Recently I had a discussion whether one could use RS-485 transceivers for a CAN-bus network in order to gain the flexibility to use the same hardware either in a CAN-environment or in half-duplex RS-485 network, albeit with different software.


simulate this circuit – Schematic created using CircuitLab

The idea is to use a RS-485 bus driver as usual when utilizing the board in RS-485 setup. That this the transmitter is enabled by DEN when one wants to transmit and the bits are presented at the D input as usual. Additional pull-up and pull-downs are provided to ensure valid bus-level upon open bus lines.

When in CAN-Mode, the D input is tied low (dominant) and the DEN input is used to present the bit stream when transmitting. When DEN=1 (driver enabled) the bus is driven low (dominant), otherwise the line remains recessive. This should then mimic the open-collector nature of the CAN bus since only one state is actively driven while the other is only passively pulled by the pull-up resistors.

The part I consider is the SN64HVD11 and the SN65HVD230 as reference for a 3V3 CAN transceiver.

The driver-enable timings of the SN64HVD11 are given as max. 55ns and the fall time is bounded at 30ns which is less than comparative figures of the "real" CAN driver.

Has someone tried this before? Are there issues I might miss completely?

Clarification: the whole system is intended for a small-scale unmanned vehicle control in the academic domain thus interoperability with 3rd-party components is not deemed important.

  • 1
    \$\begingroup\$ The CAN-bus lines are idle at 2.5V. RS-485 is idle at 5V and 0V respectively. \$\endgroup\$
    – Lundin
    Apr 29, 2014 at 12:00

3 Answers 3


It can probably be made to work, although I wouldn't call it a "production solution"!

One thing you'll need to do is invert the DEN signal as CAN is low-dominant, not high-dominant.

You'll also need to adjust the termination as although both CAN and RS485 are designed to be terminated by a single 120ohm resistor at each end of the bus, the additional bias resistors that RS485 usually includes will pull the bus lines to voltages slightly "either side of the centre-point", whereas CAN needs to idle recessive at ~2.5V on both lines.

IIRC, there is about 0.5V of differential voltage allowed before a dominant bit is detected.

  • \$\begingroup\$ As far as I understand both CAN and RS-485 require termination at both ends only. For RS-485 bias resistors towards ground and VCC are often suggested to provide determinate logic level at open circuit - I'm wondering wether these bias resistors are supposed to be placed at every node. \$\endgroup\$
    – Arne
    Apr 29, 2014 at 15:22
  • \$\begingroup\$ Inverting the DEN signal should not pose a problem since the CAN controller is connected to the bus driver though a FPGA/CPLD anyway. \$\endgroup\$
    – Arne
    Apr 29, 2014 at 15:29
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    \$\begingroup\$ Pretty sure rs485 uses one set of bias resistors for the whole bus. They usually go near one of the two terminator iirc. \$\endgroup\$ Apr 29, 2014 at 21:53
  • \$\begingroup\$ In that case, I misread the schematic as implying that termination and bias would be on every node. I still think the CAN will be potentially flaky if the RS485 bias resistors are there (even if only at the ends of the bus though) \$\endgroup\$ Apr 30, 2014 at 9:48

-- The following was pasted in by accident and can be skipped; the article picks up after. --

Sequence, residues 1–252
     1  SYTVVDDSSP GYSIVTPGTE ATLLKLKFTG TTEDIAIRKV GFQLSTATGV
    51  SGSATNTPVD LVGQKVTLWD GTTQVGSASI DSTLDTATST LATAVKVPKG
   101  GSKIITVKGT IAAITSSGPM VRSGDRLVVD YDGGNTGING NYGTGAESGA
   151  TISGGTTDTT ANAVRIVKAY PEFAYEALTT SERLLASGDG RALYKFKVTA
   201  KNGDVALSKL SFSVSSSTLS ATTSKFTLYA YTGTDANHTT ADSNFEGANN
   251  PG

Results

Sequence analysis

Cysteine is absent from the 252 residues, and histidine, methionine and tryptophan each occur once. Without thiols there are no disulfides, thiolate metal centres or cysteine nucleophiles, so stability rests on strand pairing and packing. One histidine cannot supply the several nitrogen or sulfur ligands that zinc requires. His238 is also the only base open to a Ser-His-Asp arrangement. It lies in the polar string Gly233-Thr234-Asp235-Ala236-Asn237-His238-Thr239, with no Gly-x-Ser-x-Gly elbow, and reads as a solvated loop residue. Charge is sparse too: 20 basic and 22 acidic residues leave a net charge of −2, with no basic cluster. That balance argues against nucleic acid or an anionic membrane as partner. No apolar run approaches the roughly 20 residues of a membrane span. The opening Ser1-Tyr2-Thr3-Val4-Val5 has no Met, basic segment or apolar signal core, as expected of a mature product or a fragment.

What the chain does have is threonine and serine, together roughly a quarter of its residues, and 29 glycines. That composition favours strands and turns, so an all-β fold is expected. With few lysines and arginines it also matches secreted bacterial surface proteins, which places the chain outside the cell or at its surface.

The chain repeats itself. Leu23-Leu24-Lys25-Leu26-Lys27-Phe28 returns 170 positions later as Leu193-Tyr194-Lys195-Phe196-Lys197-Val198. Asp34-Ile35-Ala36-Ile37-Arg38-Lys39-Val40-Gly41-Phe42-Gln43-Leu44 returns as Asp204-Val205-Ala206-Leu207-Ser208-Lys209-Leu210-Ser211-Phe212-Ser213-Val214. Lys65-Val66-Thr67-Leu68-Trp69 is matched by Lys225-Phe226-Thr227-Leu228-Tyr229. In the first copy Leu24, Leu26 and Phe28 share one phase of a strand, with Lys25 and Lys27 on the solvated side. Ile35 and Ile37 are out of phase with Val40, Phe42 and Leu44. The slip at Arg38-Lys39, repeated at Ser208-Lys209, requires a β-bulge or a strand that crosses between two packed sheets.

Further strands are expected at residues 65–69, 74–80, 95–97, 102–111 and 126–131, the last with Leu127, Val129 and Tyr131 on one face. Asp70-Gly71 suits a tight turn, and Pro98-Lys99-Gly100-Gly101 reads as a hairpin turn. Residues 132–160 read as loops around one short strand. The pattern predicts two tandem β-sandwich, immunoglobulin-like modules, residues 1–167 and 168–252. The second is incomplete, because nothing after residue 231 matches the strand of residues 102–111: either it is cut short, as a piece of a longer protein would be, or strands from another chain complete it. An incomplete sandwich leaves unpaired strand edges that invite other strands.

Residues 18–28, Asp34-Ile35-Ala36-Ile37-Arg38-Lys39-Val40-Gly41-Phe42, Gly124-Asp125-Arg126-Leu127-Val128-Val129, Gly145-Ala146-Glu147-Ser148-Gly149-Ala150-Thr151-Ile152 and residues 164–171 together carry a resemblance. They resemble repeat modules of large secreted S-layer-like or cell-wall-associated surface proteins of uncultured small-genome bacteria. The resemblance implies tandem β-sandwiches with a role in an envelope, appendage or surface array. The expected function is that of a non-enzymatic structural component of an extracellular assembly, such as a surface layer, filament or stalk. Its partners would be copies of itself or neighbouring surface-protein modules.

This would work, but it would reduce the noise margin against either proper RS485 or proper CAN.

The big problem is at the receive end. CAN threshold is at 700mV typical (+500to+900mV). RS485 threshold is at 0V typical (-200to+200mV).

The termination network is only at each end of the RS-485 bus. This is designed to give around 200mV differential between A and B (Needed by RS485 transceivers to guarantee a "1" output).

For the RS-485 receiver, you end up with negative noise margin when looking for the non-dominant state on a CAN bus (in the worst case), as bog standard RS485 receivers have threshold specified as +/- 200mV, where CAN only promises 500mV. Some newer RS485 transceivers are -50mV typical, 0mV worst case, but these still won't detect 500mV as.

Using a newer transceiver, and swapping the "B" and "A" so that CANL is RS485A and CANH is RS485B, you would get an extra -200mV bias on the bus, so the RS485 receiver would have a better chance to detect the non-dominant state (The bias resistors would be pulling opposite to the dominant bit, so the RS485 transceiver will have a better chance of seeing the crossover).

It will take some work on the CPLD to invert in all the right places.

When I looked at this, I decided to fit both CAN and 485 transceivers, both connected to the bus, and add logic to ensure only one was active at a time.

  • \$\begingroup\$ This is the correct answer. The Tx side can be made to work, but the Rx side will operate at incorrect thresholds. Connecting both a RS485 and CAN transceiver to the same lines will increase capacitive loading, which can be a signal quality problem at high bitrates. \$\endgroup\$ Sep 21, 2018 at 22:25

Somewhere I heard that some of the earliest CAN applications used rs485. Not sure if modern CAN is still compatible but on the surface they look similar. The issue I see is that the RS485 transceiver might have a turn on delay after enabling the driver, but that would be mentioned in the datasheet.

But if the protocols really are similar enough, why not just add pull up/downs to the rs485 bus, and use a CAN tranciever for both tasks? CAN trancievers are the same price or cheaper and seem to have better fault protection that rs485 transceivers of the same cost.

That's if they are actually compatible, which I'm not sure of.


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